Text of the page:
According to section 5 – paragraph 2a of the country’s Constitution, ‘.. Sovereignty belongs to the people of Sierra Leone from whom Government through this Constitution derives all its powers, authority and legitimacy.’ By sovereignty of the people is meant ‘the belief that the legitimacy of the state is created by the will or consent of its people’, who are the source of all political power.

It is only education of the people regarding their civic, human and constitutional rights that will enhance their power against the politicians who have become so powerful that they do not work in the interest of their electorate.

Politicians very well know that, at election they will win votes by simply campaigning on sectional, regional and tribal bases.

The end of the war in Sierra Leone saw the en-masse emergence of human rights organizations in Sierra Leone. Through the dedicated work of these organizations, the human rights situation in the country is a far cry better than it was before the war.

However, most of the human rights organizations lack the legal background that will enable them to use human rights instruments in achieving sustainable development in the country.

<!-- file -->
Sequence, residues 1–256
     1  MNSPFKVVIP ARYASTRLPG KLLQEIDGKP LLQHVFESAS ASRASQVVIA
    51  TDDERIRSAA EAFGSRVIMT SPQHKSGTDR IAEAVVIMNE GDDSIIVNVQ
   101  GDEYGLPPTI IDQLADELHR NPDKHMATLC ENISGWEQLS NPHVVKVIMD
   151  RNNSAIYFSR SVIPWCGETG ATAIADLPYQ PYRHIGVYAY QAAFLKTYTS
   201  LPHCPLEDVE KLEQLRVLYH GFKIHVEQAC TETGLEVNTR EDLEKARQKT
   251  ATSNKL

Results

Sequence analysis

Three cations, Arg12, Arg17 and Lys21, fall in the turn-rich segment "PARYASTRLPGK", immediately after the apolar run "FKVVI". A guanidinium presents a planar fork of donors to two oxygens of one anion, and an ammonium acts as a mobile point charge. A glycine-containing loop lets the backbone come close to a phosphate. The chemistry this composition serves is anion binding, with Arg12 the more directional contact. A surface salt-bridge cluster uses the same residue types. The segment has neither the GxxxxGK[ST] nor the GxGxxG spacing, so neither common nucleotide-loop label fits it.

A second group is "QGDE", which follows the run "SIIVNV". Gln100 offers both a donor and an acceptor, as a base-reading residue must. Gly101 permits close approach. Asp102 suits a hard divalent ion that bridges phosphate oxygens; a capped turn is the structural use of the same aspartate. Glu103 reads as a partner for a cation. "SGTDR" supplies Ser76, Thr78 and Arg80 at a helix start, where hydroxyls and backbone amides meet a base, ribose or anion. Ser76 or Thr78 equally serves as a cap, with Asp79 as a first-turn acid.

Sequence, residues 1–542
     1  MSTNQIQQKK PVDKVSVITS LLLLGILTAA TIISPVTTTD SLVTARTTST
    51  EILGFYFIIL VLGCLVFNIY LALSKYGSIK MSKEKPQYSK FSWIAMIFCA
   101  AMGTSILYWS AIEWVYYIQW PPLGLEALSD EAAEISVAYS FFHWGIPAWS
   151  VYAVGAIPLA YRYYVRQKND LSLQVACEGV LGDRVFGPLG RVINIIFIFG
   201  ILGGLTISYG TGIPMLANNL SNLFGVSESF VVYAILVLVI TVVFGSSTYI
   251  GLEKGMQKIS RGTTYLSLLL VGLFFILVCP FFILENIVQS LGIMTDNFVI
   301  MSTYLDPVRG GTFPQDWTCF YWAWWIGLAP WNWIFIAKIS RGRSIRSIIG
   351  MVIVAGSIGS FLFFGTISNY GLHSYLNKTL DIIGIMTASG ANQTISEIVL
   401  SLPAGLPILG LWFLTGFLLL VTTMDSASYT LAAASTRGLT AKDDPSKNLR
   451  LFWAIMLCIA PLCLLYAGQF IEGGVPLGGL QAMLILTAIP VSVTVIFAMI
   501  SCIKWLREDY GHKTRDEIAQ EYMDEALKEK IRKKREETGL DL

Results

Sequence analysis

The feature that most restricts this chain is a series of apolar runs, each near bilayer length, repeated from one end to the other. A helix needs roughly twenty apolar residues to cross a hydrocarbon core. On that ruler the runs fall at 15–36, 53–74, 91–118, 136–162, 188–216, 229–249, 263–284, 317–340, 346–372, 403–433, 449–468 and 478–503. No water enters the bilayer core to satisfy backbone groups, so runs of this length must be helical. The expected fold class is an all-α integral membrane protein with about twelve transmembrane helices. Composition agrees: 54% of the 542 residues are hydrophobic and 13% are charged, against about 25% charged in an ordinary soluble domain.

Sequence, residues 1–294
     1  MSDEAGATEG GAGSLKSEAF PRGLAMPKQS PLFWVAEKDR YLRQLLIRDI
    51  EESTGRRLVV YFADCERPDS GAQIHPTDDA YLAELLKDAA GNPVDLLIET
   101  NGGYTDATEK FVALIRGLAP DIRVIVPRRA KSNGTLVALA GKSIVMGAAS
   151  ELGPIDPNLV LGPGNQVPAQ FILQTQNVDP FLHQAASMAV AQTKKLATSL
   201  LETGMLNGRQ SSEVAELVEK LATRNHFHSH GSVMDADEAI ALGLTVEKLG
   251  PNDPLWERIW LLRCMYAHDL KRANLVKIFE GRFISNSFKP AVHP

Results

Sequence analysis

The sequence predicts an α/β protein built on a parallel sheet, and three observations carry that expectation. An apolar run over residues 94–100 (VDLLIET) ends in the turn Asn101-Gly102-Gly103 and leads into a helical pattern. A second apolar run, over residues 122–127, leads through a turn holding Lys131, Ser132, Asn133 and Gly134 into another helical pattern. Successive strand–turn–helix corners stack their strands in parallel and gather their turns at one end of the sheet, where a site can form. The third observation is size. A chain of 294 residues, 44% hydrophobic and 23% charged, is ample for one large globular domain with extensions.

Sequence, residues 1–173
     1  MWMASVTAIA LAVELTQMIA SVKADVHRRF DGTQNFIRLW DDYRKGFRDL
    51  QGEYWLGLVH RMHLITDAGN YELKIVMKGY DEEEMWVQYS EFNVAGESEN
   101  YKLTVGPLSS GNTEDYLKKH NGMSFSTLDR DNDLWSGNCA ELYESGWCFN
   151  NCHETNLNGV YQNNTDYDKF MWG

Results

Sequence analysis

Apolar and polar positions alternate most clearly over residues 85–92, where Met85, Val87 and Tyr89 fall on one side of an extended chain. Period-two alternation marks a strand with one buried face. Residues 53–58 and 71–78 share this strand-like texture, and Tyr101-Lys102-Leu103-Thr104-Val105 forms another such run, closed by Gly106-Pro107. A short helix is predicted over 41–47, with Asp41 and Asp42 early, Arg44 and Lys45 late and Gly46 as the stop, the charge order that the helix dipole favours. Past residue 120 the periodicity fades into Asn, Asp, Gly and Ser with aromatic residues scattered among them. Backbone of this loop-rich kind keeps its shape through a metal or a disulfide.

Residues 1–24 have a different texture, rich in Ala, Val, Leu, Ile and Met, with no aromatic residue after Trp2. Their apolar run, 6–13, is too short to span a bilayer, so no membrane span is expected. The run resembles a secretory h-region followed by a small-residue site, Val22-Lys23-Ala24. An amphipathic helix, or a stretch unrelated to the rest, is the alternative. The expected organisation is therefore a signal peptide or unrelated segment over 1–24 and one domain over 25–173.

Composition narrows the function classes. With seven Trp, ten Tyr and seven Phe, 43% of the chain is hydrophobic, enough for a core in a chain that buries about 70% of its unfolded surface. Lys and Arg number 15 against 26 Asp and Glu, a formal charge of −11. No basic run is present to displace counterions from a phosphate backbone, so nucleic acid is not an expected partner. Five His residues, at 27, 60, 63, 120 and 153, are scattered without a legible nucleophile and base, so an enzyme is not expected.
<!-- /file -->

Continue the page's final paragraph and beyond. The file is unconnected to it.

Moreover, no human rights organization has conducted nationwide training of citizens, so as to enable them to effectively use their voting rights, in ways that will enhance socio-economic development.

In one of my previous articles I recommended among other things that:

• The people of Sierra Leone should know the constitutional duties of the members of parliament, and be able to hold them accountable for neglect of their constituencies. The constitution of Sierra Leone accords sovereignty right to the people of Sierra Leone, which is why they should be empowered through education.